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Food Prices and Spending

While retail food prices reflect farm-level commodity prices, packaging, processing, transportation, and other marketing costs, along with competitive factors, have a greater role in determining prices on supermarket shelves and restaurant menus. Monthly price swings in grocery stores for individual food categories, as measured by the Consumer Price Index (CPI), tend to smooth out into modest yearly increases for food in general. In 2012, U.S. consumers, businesses, and government entities spent $1.4 trillion on food and beverages in grocery stores and other retailers and on away-from-home meals and snacks.

 
The food-at-home CPI for the fourth quarter of 2013 was 0.6 percent higher than the food-at-home CPI for fourth-quarter 2012, as most at-home food categories increased in price. Lower prices for fats and oils, dairy products, and nonalcoholic beverages partially offset higher prices for most meats, fish and seafood, eggs, and fresh vegetables.
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Since 2006, a series of interrelated factors—including spikes in prices for food commodities and energy, major weather events, shocks to global commodity markets, and the U.S. economic recession and subsequent recovery—have caused price inflation for food to outpace many other consumer spending categories. Between 2006 and 2013, the all-food CPI was up more than 21 percent. Only prices for medical care have risen faster than food prices.
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For a typical dollar spent in 2011 by U.S. consumers on domestically produced food, including both grocery store and eating out purchases, 31.2 cents went to pay for services provided by foodservice establishments, 22 cents to food processors, and 12.2 cents to food retailers. Food processing costs per food dollar were up over 18 percent since 2008, as consumers bought greater quantities of more highly processed food products.
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Corn, wheat, and soybeans are the top three U.S. field crops and comprise the majority of field crop inputs to the U.S. food supply. The average farm price of these crops, weighted by total production, regularly rises or falls by over 10 percent from year to year. However, these price swings have relatively small impacts on food prices. For example, in 2007-08, the production-weighted price of these crops increased by 50 percent, and food prices rose just 5.5 percent.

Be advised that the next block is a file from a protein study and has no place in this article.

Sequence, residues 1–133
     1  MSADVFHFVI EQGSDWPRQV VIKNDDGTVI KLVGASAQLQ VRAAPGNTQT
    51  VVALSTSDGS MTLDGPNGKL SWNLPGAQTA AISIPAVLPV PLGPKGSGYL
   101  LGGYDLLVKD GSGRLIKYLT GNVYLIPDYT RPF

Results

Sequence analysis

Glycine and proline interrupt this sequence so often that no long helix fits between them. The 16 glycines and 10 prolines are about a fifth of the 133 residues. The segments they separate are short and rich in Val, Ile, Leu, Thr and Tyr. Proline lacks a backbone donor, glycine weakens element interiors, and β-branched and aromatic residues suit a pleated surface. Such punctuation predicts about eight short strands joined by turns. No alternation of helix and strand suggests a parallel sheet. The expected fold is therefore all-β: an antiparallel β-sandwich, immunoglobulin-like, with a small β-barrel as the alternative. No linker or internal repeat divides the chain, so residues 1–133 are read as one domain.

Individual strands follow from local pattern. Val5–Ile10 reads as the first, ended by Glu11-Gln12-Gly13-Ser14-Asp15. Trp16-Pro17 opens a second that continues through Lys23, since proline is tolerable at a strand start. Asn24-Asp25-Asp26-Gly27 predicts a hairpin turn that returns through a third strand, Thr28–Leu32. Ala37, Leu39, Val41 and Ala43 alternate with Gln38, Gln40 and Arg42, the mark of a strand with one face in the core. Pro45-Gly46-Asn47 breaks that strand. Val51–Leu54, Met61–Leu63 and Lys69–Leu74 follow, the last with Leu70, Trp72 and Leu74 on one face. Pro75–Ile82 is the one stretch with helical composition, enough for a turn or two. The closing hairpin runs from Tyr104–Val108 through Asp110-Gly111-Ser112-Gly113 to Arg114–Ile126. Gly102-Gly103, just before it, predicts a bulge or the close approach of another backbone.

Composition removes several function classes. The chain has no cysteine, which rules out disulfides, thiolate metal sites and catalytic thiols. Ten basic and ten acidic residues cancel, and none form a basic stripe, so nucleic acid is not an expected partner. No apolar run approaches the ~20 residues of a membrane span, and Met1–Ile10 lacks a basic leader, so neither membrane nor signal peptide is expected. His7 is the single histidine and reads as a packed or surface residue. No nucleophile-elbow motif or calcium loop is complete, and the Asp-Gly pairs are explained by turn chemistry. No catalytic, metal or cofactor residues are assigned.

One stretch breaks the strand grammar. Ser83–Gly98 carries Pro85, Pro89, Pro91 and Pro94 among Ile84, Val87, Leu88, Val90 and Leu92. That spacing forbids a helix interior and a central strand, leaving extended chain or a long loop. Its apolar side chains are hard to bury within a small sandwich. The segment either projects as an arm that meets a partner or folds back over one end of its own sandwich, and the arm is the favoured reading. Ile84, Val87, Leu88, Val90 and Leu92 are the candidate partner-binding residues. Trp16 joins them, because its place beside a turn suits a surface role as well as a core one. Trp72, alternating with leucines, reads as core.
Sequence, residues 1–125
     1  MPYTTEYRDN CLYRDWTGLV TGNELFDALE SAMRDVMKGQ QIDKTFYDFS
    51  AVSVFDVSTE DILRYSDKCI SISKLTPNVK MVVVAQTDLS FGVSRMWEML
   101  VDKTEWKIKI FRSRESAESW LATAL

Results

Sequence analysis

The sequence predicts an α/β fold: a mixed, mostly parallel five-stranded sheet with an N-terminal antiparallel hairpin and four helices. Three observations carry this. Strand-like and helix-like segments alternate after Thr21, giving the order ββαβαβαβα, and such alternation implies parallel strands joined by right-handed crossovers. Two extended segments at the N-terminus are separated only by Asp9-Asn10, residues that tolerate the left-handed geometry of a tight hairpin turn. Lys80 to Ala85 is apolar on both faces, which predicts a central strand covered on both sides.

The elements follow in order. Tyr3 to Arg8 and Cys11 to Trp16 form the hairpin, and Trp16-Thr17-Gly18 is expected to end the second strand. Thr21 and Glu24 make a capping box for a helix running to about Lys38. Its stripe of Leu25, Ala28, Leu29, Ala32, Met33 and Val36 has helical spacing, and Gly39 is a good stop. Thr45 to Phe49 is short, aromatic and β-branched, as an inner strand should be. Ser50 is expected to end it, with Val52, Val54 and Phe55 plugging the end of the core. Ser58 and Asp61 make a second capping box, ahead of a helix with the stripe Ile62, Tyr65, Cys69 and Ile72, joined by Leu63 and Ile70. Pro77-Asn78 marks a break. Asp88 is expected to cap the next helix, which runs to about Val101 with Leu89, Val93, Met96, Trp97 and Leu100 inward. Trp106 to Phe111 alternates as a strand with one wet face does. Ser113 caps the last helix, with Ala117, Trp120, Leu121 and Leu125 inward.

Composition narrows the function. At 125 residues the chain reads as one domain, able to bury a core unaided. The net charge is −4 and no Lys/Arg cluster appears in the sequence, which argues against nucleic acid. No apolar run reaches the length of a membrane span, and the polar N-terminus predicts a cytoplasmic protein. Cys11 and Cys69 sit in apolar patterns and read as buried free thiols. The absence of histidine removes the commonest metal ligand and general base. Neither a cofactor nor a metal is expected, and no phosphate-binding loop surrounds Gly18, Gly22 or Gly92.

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Food prices usually move in the same direction as fuel prices, often with a slight lag as fuel costs are incorporated into food prices. While the direction is often the same, the sizes of the price swings differ. Over the last two decades, motor fuel and household energy prices have experienced double-digit annual price swings, while food prices have posted annual increases of between 1 and 6 percent, for an average annual increase of 2.7 percent.
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The all-food CPI reflects price movements at supermarkets and other food-at-home retailers as well as price changes at fast food outlets, restaurants, and other away-from-home places. While prices in these two markets typically move in the same direction, food-away-from home prices are less volatile. Inputs such as wages for restaurant workers, rents, and advertising play a larger role in shaping away-from-home prices than at-home prices. Costs for these inputs rise and fall less sharply than commodity and fuel prices, lessening price volatility for food away from home.